• Trichloracetic Acid (TCA)

    TCA is a non-toxic exfoliating acid that’s used to treat fixed fine lines, freckles, age spots, acne and sun damage. It’s not a good treatment for dynamic wrinkles or acne scars. After a treatment with TCA, your skin will be brighter and small blemishes will be reduced or eliminated. TCA peels will cause your skin to peel, so that’s something that you may wish to consider when scheduling your treatment.

  • Resorcinol

    Resorcinol is a chemically-created agent that is water-soluble and used to treat such skin conditions as acne, psoriasis and rosacea. Because it is a moderately aggressive acid, you may have a slightly red appearance that resembles a sunburn for a day or two after getting your peel, depending upon how strong the concentration is.

  • Baker’s Phenol

    Because this ingredient is typically used to treat deep wrinkles and is considered a deep chemical peel, you won’t find it in any at-home kits, or even at spas but we thought you might want to know about it.

    Baker’s phenol is so powerful that it carries a risk of heart and kidney problems as well as decreased skin coloration (hypopigmentation). Deep chemical peels are so dangerous that they must be conducted in an operating room and require weeks of preparation.

    You run the risk of infection, herpes simplex infections, bacterial infections, scarring and discoloration of your skin, so think carefully before you undergo this procedure and choose a seasoned professional.

If you’d like to do an at-home facial peel, check out the products that we’ve chosen below. We’ve broken them down into categories for you to make it easy to choose.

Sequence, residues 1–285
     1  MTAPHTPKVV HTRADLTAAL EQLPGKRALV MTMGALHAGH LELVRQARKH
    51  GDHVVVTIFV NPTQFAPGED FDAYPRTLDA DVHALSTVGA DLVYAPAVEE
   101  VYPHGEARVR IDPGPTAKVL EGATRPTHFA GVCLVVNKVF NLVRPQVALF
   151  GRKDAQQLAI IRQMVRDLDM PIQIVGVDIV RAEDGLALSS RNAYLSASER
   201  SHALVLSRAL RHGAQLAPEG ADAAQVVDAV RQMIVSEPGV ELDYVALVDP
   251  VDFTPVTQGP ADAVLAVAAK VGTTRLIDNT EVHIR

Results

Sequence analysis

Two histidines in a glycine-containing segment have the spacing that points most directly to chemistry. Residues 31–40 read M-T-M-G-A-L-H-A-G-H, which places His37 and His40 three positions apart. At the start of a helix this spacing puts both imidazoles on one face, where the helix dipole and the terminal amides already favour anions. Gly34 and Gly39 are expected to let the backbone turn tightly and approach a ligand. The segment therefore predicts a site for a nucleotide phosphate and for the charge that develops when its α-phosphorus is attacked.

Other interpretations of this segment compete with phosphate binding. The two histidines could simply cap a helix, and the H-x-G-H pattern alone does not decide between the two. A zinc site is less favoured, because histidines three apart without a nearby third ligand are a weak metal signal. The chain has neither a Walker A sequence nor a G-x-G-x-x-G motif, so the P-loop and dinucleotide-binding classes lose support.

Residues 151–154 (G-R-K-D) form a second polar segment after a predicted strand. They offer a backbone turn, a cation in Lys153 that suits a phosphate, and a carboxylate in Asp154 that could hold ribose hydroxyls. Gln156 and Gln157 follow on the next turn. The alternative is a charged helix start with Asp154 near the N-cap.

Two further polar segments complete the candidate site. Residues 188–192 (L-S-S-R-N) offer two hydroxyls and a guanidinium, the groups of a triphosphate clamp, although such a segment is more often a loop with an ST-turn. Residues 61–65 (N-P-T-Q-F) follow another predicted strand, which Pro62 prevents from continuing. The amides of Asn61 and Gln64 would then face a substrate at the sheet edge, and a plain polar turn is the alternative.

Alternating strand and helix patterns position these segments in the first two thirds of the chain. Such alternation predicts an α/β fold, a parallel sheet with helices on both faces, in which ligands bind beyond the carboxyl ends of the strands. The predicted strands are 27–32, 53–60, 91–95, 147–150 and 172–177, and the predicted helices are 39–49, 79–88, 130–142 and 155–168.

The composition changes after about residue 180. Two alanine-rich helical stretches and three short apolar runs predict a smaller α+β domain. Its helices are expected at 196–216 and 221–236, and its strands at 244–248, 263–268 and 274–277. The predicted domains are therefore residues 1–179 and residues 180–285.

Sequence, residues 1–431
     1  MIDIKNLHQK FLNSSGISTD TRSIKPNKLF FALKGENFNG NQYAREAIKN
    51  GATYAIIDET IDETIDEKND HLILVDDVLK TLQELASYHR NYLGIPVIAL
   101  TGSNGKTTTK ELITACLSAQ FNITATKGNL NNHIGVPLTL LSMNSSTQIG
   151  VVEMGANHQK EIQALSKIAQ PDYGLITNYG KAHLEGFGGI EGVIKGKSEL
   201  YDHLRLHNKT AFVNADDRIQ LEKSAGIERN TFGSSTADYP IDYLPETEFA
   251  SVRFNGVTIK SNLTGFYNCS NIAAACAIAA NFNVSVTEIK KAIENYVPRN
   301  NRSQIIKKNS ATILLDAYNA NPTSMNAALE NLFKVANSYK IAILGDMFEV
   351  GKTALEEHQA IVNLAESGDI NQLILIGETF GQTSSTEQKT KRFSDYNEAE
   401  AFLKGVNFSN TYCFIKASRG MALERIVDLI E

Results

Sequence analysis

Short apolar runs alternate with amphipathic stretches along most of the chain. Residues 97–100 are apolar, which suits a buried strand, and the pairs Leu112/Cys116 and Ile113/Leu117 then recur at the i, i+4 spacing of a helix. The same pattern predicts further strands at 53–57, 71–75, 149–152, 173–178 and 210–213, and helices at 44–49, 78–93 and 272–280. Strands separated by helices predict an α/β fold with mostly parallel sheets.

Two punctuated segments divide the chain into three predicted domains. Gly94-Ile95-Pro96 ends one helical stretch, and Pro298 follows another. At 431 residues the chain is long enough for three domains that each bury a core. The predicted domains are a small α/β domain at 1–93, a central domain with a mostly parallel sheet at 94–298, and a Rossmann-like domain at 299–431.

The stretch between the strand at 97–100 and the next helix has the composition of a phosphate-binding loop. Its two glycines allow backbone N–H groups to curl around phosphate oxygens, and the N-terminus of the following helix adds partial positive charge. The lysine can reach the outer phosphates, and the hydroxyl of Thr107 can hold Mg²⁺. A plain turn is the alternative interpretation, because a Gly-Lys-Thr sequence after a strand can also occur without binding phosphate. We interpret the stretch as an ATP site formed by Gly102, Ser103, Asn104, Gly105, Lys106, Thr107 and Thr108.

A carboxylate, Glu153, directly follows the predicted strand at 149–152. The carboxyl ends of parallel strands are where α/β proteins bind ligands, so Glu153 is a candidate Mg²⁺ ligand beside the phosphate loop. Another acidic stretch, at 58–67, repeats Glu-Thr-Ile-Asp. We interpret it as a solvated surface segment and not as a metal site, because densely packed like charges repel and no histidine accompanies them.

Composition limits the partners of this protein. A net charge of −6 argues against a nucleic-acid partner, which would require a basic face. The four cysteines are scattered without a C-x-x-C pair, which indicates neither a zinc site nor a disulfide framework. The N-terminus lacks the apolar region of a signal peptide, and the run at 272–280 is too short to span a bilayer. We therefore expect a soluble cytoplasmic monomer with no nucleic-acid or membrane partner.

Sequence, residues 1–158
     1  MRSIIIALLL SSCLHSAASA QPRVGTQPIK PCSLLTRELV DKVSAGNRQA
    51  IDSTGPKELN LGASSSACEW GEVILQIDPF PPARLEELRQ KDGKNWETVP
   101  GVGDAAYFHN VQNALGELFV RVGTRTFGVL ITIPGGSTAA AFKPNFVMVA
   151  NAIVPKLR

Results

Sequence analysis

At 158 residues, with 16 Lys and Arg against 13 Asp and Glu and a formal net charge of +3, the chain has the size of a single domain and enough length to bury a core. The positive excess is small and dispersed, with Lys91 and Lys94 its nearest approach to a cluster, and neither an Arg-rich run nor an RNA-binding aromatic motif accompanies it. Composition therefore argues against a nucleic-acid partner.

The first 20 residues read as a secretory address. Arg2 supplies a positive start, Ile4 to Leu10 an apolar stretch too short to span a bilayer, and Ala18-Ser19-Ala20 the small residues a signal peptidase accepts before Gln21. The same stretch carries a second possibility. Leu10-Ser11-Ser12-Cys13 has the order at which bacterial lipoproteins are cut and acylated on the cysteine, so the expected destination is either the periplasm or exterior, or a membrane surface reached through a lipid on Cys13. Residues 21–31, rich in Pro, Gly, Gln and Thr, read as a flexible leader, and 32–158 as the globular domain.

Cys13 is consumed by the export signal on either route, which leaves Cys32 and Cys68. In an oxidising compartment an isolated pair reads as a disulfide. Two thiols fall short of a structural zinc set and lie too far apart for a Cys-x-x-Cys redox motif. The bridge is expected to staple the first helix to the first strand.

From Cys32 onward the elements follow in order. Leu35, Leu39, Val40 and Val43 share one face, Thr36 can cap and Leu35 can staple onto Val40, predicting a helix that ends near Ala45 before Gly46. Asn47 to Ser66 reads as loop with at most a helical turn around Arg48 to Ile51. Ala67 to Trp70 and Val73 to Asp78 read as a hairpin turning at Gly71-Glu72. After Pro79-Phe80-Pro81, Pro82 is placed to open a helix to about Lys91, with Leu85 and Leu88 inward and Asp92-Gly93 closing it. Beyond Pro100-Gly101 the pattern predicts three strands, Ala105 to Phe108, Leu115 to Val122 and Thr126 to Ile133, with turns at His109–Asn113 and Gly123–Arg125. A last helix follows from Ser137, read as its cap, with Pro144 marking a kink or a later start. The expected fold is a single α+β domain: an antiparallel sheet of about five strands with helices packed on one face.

Our Top Picks


  1. Fine Lines, Discoloration, Uneven Complexion, Enlarged Pores, Clogged Pores (Keratosis Pilaris)

    DermaDoctor Physical Chemistry Microdermabrasion + Multiacid Chemical Peel: This powerhouse contains glycolic, lactic, azelaic and alpha hydroxy acids that work together to provide the ultimate at-home peel. It also contains several skin soothers such as green tea extract, algae extract and dimethicone to reduce irritation. To top it off, it has smooth-edged microdermabrasion beads that do an excellent job of exfoliating but break down when applied so that they don’t irritate your skin.

  2. Acne, Oily Skin, Clogged Pores, Fine Lines and Wrinkles, and Age Spots

    40% Glycolic Acid Peel by Skin Obsessions: This really says all that it needs to – it’s a high enough concentration to work, but not so high that first-time users will burn themselves. Be sure to follow the directions!

  3. Uneven Skin Tone, Acne, Psoriasis, Sun Damage – All Skin Tones

    50% Lactic Acid Gel Peel: Formulated for all skin tones and contains enough for 15 full facials.

  4. After-Peel Treatment

    Neutralizer Skin pH Balancer: Helps balance the pH of your skin after a peel for a safe, effective procedure.

If you’ve tried a facial peel, we’d love to hear how it worked out for you. Please fill us in in the comments section below.